Shining the light on rural women’s mental health
Date: July 22, 2020
Author: Aimée Makeham, RAMHP Coordinator
Think of the words ‘rural’, ‘farmer’, or ‘agriculture’. Now close your eyes and imagine a person who lives or works in rural communities or agriculture or is a farmer. I can almost guarantee the person behind your closed eyes is a male. Statistically, you’re not wrong, it was only in 1994 that the law was changed to allow women to legally claim to be ‘farmers’1 and census data from 2016 indicated that women only made up 32% of the Australian agricultural workforce2. While one third of all ‘farmers’ in Australia are female, there seems to be such a focus on rural male mental health that we tend to forget about the women living rurally and the challenges they may incur, regardless of whether their registered employment is as a ‘farmer’ or not.
We all know that males in Australia are more likely to die by suicide than females, yet we tend to forget that women have significantly higher rates of suicidal ideation, suicide plans and attempts than males3. A review of literature by Daghagh Yazd, Wheeler and Zuo (2019) found that whilst farm women usually engaged in similar farm roles to males, mental health literature focuses primarily on male farmers. They also found that female farmers tended to experience more psychological distress than males farmers, in part due to their combination of roles within the business (farm management/labour), household duties and the responsibility of child rearing. Other factors that play a role in increased emotional distress includes increased work hours for females, pesticide exposure, economic hardship and worrying about finances4, 5. And, while a lot of these aren’t necessarily only ‘female problems’, or even ‘farmer’s problems’, they are issues a lot of country women can relate to.
Anecdotally, we know that women are more likely to talk about their partner’s health than their own, and the research shows this as well5. Yet, we often hear the phrases like ‘women talk’ and therefore, they have outlets for their emotional distress. ‘Men don’t talk’ which means we need to focus our attention on creating healthy, safe spaces for letting our feelings out – don’t get me wrong, we do need to create these spaces, but when the research indicates that women will talk about their partners before they talk about themselves and shows higher rates of emotional and psychological distress in females, it begs the questions ‘are we focusing enough on women’s mental health?’.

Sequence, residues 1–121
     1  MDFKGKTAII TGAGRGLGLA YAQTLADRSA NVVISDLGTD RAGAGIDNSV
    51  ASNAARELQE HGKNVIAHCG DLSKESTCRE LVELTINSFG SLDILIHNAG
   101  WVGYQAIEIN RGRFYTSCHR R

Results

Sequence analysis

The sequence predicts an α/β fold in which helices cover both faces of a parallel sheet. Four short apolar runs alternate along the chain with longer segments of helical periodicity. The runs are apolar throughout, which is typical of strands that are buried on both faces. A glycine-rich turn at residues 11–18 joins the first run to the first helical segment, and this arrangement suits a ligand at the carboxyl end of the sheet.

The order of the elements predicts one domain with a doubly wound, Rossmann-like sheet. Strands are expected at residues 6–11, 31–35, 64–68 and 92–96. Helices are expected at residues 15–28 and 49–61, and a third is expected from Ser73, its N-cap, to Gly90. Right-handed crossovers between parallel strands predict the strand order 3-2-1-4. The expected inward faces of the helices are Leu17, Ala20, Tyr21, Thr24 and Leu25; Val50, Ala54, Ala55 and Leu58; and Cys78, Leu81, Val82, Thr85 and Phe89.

I have a controversial opinion. I don’t think female farmers or rural females are inspiring. Instead, they are the hard working and underappreciated glue that holds our small communities together. Country women work the land or the sea like any male farmer does. They might hold other forms of employment and they might be raising the kids of our future. They bake the cakes to be sold at fundraisers, they volunteer to ensure that our communities keep on keeping on. So, maybe it’s time we shone the light on the mental health status of rural females as well as rural males. Because without the ladies, our agricultural and rural communities would have some very large shoes to fill.
The views, thoughts and opinions expressed in this blog belong solely to the author, and not necessarily to the CRRMH or RAMHP.